[Three Hundred Animals Contents]
IS also called Thistle-Finch, from his fondness for the seed of that plant. He is a very beautiful bird; his plumage is elegantly diversified. His form is small, but pleasing; his voice not loud, but sweet. He is easily tamed, and often exhibited as a captive, with a chain round his body, drawing up with trouble, but yet with amazing dexterity, two small alternate buckets, one containing his meat, the other his drink. We remember one who, after having been doomed a whole year to that drudgery, and having nipt off a link of his chain, remained spontaneously a captive for several months, ere, by some accident, his master became conscious of his bird being under no constraint, and at full liberty. It is perhaps a melancholy but yet a true observation, that mankind is less patient of freedom than of slavery, and that men, like brutes, know better how to make good use of the latter than of the former. When caught old, the Gold-Finch, after a few weeks, if well attended to, and gently treated, becomes as familiar as if he had been brought up by the hand of his keeper. Some have been taught to fire a small piece of artillery, and go through the drilling exercise, to the great astonishment of the spectators.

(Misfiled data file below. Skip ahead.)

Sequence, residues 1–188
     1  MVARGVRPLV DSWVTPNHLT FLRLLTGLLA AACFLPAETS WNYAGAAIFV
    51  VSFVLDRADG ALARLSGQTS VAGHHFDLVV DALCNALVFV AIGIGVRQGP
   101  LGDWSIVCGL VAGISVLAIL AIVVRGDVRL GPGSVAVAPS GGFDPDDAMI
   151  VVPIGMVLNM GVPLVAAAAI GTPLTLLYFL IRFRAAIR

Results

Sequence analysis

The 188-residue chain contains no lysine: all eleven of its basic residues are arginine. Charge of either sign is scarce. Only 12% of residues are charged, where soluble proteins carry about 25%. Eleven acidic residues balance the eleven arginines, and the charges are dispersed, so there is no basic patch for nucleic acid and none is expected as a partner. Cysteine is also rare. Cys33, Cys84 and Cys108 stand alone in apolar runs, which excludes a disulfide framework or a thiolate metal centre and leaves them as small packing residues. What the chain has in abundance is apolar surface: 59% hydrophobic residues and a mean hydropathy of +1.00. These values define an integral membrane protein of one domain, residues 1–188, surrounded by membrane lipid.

This bird, as if conscious of the beauty of his plumage, likes to view himself in a glass, which is sometimes fixed for that purpose in the back of the cage, or, as it is called among the French, “la galere.” The art with which these birds compose and build their nests is really an object of admiration; it is generally interwoven with moss, small twigs, horse-hair, and other pliant materials; the inside stuffed, most carefully, with a fine down. There the female deposits five or six eggs of a white colour, marked at their upper end with purple dots. It is reported that this small creature exceeds the general rules of life among those of his size, and often lives twenty years.
Now where the thistle blows his feather’d seed
Which frolick Zephirs buffet in the air,
The crimson-hooded Finches, on the flowers,
Spread the pure gold laid on their sable wings,
With conscious pride, – they feed – the vocal band
Enliven Nature’s banquet hours with songs
Mellifluous, and, grateful guests, repay,
With melody, the dainties of the board.